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It is well known that the infix operator @@ is used as a short form of Apply.

For example, both Apply[f,{a,b,c}] and f@@{a,b,c} return f[a,b,c]}

Also the infix operator @@@ is used as a short form of Apply when it is used for levelspec {1}

For example, both Apply[f,{{a,b},{c,d}},{1}] and f@@@{{a,b},{c,d}} return {f[a,b],f[c,d]}

I would like to create a new infix operator named @@@@ (or other) to express Apply[f,expr,{2}] in a short form like f @@@@ expr.

Is it possible to create a new infix operator equivalent to some more verbose command ? Also which are the valid names I could use ?

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1  
it would be much simpler for you to use one of the several built-in infix operators that have no meaning (such as CirclePlus, CircleTimes...) –  rm -rf Jan 2 at 14:06
    
Thank you, you mean to define CirclePlus[f_, expr_] := Apply[f, expr, {2}]. Yes this solves my problem I saw in MMA's help there are CirclePlus, CircleMinus, CircleTimes and CircleDot. Also there are the OperatorsWithoutBuiltInMeanings that someone could use. Do you know If I could create my new one as a symbol combination ? –  tchronis Jan 2 at 14:30
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I found this post : mathematica.stackexchange.com/questions/6355/… –  tchronis Jan 2 at 14:39
    
You can use any built in operator modified with subscripts, superscripts, etc, and retain its precedence, for your own purposes. Perpaps fro your case a @@ with a number subscripted for the level of Apply seems appropriate –  Rojo Jan 2 at 16:37
    
@Rojo Why don't you post that as an answer? –  Mr.Wizard Jan 2 at 18:11

2 Answers 2

up vote 10 down vote accepted

You can use any built in operator modified with subscripts, superscripts, etc, and retain its precedence, for your own purposes. Perpaps fro your case a @@ with a number subscripted for the level of Apply seems appropriate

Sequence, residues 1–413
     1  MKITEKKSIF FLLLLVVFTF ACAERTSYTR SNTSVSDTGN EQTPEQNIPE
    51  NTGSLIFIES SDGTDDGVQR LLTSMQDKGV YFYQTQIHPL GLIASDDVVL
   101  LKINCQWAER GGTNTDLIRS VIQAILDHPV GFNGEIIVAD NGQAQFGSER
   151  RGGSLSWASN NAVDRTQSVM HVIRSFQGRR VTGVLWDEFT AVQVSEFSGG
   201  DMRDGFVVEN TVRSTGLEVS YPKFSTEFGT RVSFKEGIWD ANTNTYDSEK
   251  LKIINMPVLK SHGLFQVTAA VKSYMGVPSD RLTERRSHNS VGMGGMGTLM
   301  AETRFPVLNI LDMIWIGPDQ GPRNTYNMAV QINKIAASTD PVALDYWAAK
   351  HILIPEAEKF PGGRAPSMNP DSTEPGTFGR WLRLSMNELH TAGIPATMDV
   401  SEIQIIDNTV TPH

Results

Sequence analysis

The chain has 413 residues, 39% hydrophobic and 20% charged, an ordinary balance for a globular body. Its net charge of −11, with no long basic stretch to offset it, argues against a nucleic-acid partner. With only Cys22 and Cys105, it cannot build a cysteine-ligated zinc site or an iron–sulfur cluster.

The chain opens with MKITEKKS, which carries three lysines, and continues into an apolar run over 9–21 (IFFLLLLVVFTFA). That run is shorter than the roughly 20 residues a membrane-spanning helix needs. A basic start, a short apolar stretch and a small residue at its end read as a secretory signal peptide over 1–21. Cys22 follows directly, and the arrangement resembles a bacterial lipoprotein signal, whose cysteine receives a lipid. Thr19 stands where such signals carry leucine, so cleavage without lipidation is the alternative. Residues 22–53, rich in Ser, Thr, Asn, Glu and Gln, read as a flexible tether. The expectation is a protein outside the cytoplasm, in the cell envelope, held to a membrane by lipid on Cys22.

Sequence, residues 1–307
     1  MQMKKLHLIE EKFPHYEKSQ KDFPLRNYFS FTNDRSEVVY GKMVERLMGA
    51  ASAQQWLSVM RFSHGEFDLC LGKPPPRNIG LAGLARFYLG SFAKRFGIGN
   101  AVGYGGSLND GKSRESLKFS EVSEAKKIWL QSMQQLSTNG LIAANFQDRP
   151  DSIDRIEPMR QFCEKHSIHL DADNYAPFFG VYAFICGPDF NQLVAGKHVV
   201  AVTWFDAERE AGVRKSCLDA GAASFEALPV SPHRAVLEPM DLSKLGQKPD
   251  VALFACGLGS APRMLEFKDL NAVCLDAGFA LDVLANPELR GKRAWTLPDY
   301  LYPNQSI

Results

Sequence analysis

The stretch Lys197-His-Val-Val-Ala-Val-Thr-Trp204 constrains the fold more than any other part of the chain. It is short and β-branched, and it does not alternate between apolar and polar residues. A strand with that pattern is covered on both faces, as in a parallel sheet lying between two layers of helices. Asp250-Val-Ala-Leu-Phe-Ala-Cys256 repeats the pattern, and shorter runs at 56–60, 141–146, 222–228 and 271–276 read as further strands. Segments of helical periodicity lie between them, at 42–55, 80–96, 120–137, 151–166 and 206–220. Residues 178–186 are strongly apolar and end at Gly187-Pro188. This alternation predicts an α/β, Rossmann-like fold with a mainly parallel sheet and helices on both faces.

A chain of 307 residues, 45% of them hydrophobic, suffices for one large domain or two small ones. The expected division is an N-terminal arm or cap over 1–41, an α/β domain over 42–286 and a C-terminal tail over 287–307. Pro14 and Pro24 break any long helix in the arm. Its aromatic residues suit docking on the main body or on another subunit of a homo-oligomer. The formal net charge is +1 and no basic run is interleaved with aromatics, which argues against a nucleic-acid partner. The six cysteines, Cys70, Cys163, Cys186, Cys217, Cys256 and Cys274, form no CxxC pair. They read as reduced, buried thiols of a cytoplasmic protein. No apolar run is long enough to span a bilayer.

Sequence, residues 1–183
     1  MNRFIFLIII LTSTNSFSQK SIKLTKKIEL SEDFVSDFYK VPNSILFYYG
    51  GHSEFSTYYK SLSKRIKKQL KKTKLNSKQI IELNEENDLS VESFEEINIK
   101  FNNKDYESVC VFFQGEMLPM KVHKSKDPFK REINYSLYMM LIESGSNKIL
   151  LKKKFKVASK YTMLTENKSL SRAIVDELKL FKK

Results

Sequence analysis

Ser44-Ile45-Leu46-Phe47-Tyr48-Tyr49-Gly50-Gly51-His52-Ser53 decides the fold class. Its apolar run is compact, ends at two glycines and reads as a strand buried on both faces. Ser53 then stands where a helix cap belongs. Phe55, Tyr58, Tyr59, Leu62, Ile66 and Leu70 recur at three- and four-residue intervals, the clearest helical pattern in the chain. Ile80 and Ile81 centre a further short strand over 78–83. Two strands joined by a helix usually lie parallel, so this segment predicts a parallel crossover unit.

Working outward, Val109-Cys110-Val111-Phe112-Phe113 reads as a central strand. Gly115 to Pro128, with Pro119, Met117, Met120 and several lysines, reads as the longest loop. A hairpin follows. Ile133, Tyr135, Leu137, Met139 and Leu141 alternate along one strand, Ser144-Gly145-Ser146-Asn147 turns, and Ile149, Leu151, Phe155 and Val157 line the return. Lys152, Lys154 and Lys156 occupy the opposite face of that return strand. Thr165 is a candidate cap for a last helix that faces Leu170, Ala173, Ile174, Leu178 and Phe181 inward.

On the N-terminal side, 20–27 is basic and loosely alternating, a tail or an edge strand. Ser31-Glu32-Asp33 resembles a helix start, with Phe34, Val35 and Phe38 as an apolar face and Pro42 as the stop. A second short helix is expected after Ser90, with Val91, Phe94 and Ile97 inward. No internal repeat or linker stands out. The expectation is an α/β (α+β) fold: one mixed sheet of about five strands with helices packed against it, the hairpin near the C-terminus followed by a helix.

MakeExpression[RowBox[{fun_, SubscriptBox["@@", i_], rhs_}], StandardForm] :=
 MakeExpression[{fun, rhs, i}, StandardForm] /.
  HoldComplete /@ {f_, r_, level_} :> 
   HoldComplete@Apply[f, r, {level}]

To use it, you just type your usual @@ followed by the subscript hotkey (ctrl+- for example) and then the level of application.

Example, run

Cell[BoxData@RowBox[{"f", 
       SubscriptBox["@@", "1"], 
       RowBox[{"Nest", "[", 
          RowBox[{"List", ",", " ", "0", ",", "6"}], "]"}]}], 
  "Input"] // CellPrint

enter image description here

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I like this a lot. I usually rely on the Notations package, but since I recently noted the overhead of that package I like the idea of a manual definition such as this. +1 :-) –  Mr.Wizard Jan 2 at 18:27
    
@Mr.Wizard I don't understand the Notation package too much (my fault, I never devoted enough time to that). As soon as I have time I'll look at your liked question. It seems interesting –  Rojo Jan 2 at 18:30
    
@Rojo thank you very much. Could you add an example just for clarity? –  tchronis Jan 2 at 19:09
    
@tchronis, humm, I am not sure it will add clarity :P –  Rojo Jan 2 at 19:19
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Nice, +1! Could you give a small snapshot? –  ybeltukov Jan 2 at 19:25

No, unfortunately you cannot create a new compound operator such as @@@@, as stated by Michael Pilat in response to my own question of similar nature:

You can't do this with an operator syntax of your own invention (like @@&). Mathematica just doesn't have the capability to modify the language grammar at runtime like that.

There are a variety of methods you can use to effect new operators in the Front End but they are not actually extending the syntax of the language. Michael Pilat gives an example using the Notation Package in the referenced Q&A. More low-level you can modify the UnicodeCharacters.tr file as described in How is + as an infix operator associated with Plus? You could also use MakeBoxes, $PreRead, or CellEvaluationFunction, but again none of these will work in Packages, so you are better off using built-in operators that are undefined.

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thank you for your answer - less work for me to do! –  tchronis Jan 2 at 19:08

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